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Department of Political Science

College of Social Sciences and Public Policy

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Job Candidates

The following FSU graduate students are currently seeking academic positions:

AMERICAN POLITICS

Alexandra G. Cockerham (Ph.D. expected Spring 2017)
Curriculum Vitae
Website

Alexandra Cockerham's research interests center on executive power, with an eye toward the limitations that institutions impose on directly elected executives. Elected by either national or state wide constituencies, public expectations of presidents and governors often exceed what formal powers would alone permit, and the formal separation of legislative power often frustrates executives policy agendas. Though most extant research focuses on a single national-level context, limiting our understanding of how variable institutional arrangements shape executive power, her research is explicitly comparative in nature, focusing on both the US states and presidential democracies.

Dissertation Committee: Bob Crew (Chair), Amanda Driscoll, and Carol Weissert.

Kevin Fahey(Ph.D. expected Spring 2017)
Curriculum Vitae
Website

Kevin Fahey’s research focuses on legislative behavior. His three-essay dissertation examines how institutions shape legislative incentives. His first essay theorizes the conditions under which candidates for office prioritize their personal incentives over those of their constituents. Using a regression-discontinuity design on a dataset of 84,000 state legislative elections, he finds evidence that reforms to curb careerism actually contributed to lawmakers pursuing personal goals. His second essay explores these personal incentives with a theory of legislative financial gains as a purposive goal, using an original dataset of financial disclosures forms for members of the Florida House of Representatives. This essay offers an empirical test of the political determinants of returns to office, and finds that electoral safety results in higher income growth for legislators. This essay is under review. His third essay explores the implications of financial gain as a legislative goal, providing a theoretical framework to explain how income accumulation contributes to shirking behavior in the legislature. Kevin has a side project under review that analyzes how competence and personal biases influence performance evaluations of members of the U.S. Cabinet. Other side projects study the role of media endorsements in low-salience ballot initiatives, and the dynamics of agenda-setting in state legislatures. Kevin has taught undergraduate courses in American Government and State Politics, and was the T.A. for the graduate-level course on Causal Inference.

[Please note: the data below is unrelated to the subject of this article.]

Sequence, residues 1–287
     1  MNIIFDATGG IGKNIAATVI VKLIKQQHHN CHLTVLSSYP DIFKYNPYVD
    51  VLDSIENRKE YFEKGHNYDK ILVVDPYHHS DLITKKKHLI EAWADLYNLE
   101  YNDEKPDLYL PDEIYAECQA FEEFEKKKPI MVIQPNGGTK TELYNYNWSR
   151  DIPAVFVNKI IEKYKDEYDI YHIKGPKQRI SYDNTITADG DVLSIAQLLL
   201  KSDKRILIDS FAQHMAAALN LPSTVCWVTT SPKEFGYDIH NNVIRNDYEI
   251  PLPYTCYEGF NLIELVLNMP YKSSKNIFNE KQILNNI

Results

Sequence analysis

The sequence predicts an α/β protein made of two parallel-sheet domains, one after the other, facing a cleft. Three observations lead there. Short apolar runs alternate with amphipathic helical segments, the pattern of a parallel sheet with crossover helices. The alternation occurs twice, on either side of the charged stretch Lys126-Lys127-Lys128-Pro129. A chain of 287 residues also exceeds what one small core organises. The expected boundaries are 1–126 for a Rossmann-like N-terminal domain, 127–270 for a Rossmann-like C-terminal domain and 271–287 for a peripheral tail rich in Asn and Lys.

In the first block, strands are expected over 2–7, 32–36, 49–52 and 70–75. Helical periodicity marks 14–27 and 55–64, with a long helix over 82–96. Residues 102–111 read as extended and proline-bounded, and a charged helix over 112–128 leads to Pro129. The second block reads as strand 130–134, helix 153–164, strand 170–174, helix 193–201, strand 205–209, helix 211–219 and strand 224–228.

Dissertation Committee: Carol Weissert (Chair), Robert Jackson, Quintin Beazer, and Patrick Merle (Communications).

Jonathan Rogers (Ph.D., 2013)
Curriculum Vitae
Website